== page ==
This review with a set of discussion questions is in the July 2016 issue of VP.

 

The Revenant (2015)

Rated PG-13. Running time: 2 hours 7 min.

Our content ratings (1-10); Violence 2; Language 2; Sex /Nudity 1.

Our star rating (1-5): 4.5

 If mortals die, will they live again?  All the days of my service I would wait.

Job 14:14

They think that a deadly thing has fastened on me, that I will not rise again from where I lie.

Psalm 41:8

When he had said this, he cried with a loud voice, “Lazarus, come out!”

John 11:43

Campfire

Abandoned because it looks like he will die from a bear’s mauling, Hugh Glass struggles to recover while staving off the bitter cold of the mountains.       (c) 20th Century Fox

I admit it. I had to look up the meaning of the title—though in 21st century style, it was via Google rather than in my old print dictionary. In case it is not in your every day vocabulary, it is derived from a French word meaning “ghost,” and in English refers to one who, like Lazarus, returns from the dead. And just as filmmaker Alejandro Gonzalez Inarritu expects us to know (or look up) the meaning of his title, also he never spoon feeds us during the film as to the meaning of what is transpiring, no matter how confusing it is at first. Set in the wilderness of the Rockies in the early 19th century, the film about a party of fr trappers is filled with gut-wrenching violence. It is primarily a survival and vengeance tale (aren’t most Westerns as well?) with the subplot of a quest story. The major, truth-based, story is that of white frontiersman Hugh Glass (Leonardo DiCaprio), and the lesser one woven throughout is the search by a band of Arikara Indians. They are led by the old chief Elk Dog (Duane Howard), obsessively looking for his daughter.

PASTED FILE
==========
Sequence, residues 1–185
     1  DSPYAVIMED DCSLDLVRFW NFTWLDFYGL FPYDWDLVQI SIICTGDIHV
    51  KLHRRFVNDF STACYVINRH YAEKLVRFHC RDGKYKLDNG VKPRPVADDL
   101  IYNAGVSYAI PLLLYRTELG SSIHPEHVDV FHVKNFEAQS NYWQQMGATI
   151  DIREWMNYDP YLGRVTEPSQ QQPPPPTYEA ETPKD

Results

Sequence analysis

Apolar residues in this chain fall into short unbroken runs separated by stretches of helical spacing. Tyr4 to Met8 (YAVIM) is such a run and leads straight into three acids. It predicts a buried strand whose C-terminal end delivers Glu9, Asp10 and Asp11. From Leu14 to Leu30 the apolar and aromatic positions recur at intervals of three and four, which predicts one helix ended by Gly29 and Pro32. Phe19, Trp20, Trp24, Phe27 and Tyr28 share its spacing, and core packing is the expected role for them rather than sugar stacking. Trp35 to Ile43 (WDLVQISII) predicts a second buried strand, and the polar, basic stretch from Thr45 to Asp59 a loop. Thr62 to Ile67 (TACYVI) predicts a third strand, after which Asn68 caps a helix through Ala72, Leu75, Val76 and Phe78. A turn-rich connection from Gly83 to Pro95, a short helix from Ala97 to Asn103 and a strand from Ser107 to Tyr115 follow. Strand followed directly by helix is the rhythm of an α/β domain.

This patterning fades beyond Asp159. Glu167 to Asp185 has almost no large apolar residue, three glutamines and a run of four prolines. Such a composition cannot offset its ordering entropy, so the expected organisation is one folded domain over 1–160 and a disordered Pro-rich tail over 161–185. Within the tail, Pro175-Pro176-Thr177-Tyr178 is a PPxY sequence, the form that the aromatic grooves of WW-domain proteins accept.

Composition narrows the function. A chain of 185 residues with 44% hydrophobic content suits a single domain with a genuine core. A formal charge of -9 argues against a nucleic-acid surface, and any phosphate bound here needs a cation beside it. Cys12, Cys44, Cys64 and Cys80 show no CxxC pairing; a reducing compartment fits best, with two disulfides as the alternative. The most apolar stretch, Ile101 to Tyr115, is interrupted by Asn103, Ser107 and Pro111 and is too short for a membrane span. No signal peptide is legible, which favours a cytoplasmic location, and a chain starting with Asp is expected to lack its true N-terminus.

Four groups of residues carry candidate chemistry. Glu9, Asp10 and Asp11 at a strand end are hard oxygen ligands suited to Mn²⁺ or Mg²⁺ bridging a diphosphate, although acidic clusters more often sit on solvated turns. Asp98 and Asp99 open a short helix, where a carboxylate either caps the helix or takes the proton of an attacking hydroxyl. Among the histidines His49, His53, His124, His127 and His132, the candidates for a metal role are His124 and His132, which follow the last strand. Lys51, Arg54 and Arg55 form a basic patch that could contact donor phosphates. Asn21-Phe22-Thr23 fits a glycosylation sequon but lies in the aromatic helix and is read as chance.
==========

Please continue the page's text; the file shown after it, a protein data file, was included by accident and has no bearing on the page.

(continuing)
Rather than with a bang, the film starts out with a swoosh. A band of Indians is attacking the large party of fur trappers intent on returning east with a large, valuable cargo of pelts. The trappers have come up the Missouri River on horses and a flatboat. The attack, made while most of the trappers are on land, is a surprise, with many of the men dying as an arrow penetrates their backs or their throats, blood gushing forth like geysers. Captain Henry (Domhnall Gleeson), leader of the group orders the men back to the boat. The expedition’s guide Hugh Glass and his Pawnee son Hawk (Forrest Goodluck) rush back from their hunting mission in the woods. After the fight, during which 33 of the trappers are killed, Glass says that they must abandon the boat and bury their pelts if they are to escape safely from the Indians. One of the party, Fitzgerald (Tom Hardy), who obviously does not like Glass because of the guide’s marriage to an Indian, is upset by this, but Henry, trusting the seasoned frontiersman, agrees.

The next day Glass ventures into the woods alone. He spots a pair of grizzly bear cubs and realizes too late that he has ventured between them and their mother. She attacks him, and though he manages to fire and wound her, she closes on him, biting and tearing at him. In detail so vivid that it is hard to watch we see her tearing at his back and flipping him around as if he were a rag doll. He manages to kill the beast, but his throat is badly mauled, and the wounds to his body so great that he cannot stand up. When the others find him they are convinced that he is too injured to survive.